Symptoms of High Blood Sugar
If your blood sugar readings are too high, some of the symptoms you may experience are:
If you have these symptoms and suspect high blood sugar, you should speak to a doctor bout
it as soon as possible. Catching high blood sugar early can help you get better control of it and prevent the need for prescription medications to lower it.
Lowering Blood Sugar Levels
If you have blood sugar readings that indicate that you have prediabetes or Type 2 diabetes, then you need to learn how to lower blood sugar. Several steps can help you get lower readings, which will make you feel better and reduce the risk of heart disease, strokes, renal disease, and blindness.
Purchase a Monitor
The first thing you should do after getting your readings back from your doctor is to purchase a blood glucose monitor. Unless you know your levels, then you won't know if you're efforts to lower your blood sugar are working. A blood glucose monitor and supplies, which includes test strips, lancets, and alcohol pads, are available at most pharmacies.
If you go online, you can look up offers for free monitors to get started testing your blood sugar. Testing it before meals in the morning, a fasting blood sugar can tell you if your levels are going down or up. Then you can take these other steps to lower your readings.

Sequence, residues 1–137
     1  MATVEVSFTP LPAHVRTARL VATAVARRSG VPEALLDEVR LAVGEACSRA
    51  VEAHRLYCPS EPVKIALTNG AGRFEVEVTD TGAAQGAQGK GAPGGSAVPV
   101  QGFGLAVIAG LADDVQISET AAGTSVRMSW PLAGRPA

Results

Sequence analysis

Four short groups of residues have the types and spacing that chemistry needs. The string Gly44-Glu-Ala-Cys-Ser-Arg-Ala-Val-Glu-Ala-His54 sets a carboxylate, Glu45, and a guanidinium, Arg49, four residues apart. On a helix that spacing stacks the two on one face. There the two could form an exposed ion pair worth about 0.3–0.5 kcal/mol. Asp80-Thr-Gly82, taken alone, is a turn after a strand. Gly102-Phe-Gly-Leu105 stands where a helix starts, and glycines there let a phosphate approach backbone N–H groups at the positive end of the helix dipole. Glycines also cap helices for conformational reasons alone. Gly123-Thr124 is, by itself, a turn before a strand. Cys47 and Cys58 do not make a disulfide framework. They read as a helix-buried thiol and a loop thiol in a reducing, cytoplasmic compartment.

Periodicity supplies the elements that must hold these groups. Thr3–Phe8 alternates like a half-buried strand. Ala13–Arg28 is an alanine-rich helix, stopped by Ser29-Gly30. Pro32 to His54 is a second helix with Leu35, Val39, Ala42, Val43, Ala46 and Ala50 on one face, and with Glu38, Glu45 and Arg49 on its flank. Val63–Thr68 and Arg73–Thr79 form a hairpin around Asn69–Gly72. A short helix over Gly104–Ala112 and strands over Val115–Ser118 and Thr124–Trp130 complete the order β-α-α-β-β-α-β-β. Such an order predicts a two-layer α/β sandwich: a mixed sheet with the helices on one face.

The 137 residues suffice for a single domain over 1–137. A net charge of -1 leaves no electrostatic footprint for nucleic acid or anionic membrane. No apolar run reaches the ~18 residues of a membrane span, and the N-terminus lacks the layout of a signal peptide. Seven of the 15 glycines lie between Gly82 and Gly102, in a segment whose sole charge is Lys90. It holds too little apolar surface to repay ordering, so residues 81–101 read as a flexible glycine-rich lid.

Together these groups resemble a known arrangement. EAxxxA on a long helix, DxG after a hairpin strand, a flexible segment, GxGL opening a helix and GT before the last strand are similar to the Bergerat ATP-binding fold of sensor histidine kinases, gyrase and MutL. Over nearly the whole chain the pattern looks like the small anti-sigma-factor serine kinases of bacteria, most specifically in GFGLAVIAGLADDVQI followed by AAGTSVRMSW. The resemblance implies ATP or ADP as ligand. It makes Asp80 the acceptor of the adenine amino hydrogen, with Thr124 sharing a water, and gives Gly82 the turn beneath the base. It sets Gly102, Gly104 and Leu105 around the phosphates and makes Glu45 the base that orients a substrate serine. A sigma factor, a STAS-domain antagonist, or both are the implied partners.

Develop an Exercise Routine
Doing moderate exercises like swimming, walking, or riding a bicycle can help lower your blood sugar levels. While exercising, your muscles will need glucose to fuel them, so they will use what your body has stored. Along with lowering blood sugar levels, moderate exercise can also help you lose weight, which will also act to reduce your blood glucose.
Even though you may be tempted to do more strenuous exercises, be cautious with them. More strenuous workouts can temporarily increase blood glucose levels. Also, intense physical activity can sometimes cause the release of stress hormones which can also raise blood sugar levels.
Eat the Right Foods
Since the food you eat turns into glucose, you need to know which foods to abstain from and
which are good to eat. Generally, foods low in sugar, fat, and salt are okay, but you need to be mindful of eating too much starch in your diet. Refrain from eating processed foods, especially if they are salty, sugary, or made from refined flour.
Foods that are sugary or that have refined flour in them are known as simple carbohydrates, and you need to avoid them. Simple carbs quickly turn into sugar when your body processes the food you’ve eaten. So, after absorbing them, your blood sugar levels will show spikes if you take readings about two hours after you've had a meal. Complex carbohydrates, which includes most fresh fruits, vegetables, whole grains, nuts, seeds, and low-fat dairy items, slowly break down in the body. The glucose that results from these foods is either utilized as fuel or stored for later use. These carbs, often called ‘good carbs, will usually not cause spikes